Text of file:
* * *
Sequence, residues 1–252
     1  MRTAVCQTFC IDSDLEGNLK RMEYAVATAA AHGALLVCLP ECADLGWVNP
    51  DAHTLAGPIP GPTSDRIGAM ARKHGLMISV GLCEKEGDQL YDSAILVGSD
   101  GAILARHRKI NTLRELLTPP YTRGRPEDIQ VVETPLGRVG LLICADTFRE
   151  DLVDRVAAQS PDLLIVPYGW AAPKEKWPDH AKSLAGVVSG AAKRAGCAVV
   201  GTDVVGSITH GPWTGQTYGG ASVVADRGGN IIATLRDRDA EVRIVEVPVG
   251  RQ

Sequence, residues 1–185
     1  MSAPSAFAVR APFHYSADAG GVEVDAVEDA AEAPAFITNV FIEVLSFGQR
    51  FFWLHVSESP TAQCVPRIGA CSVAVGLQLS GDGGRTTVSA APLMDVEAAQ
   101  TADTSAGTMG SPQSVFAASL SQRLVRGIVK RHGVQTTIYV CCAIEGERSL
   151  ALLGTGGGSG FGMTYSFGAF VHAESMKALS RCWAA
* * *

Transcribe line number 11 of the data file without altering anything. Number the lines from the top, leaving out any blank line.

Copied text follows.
   101  TADTSAGTMG SPQSVFAASL SQRLVRGIVK RHGVQTTIYV CCAIEGERSL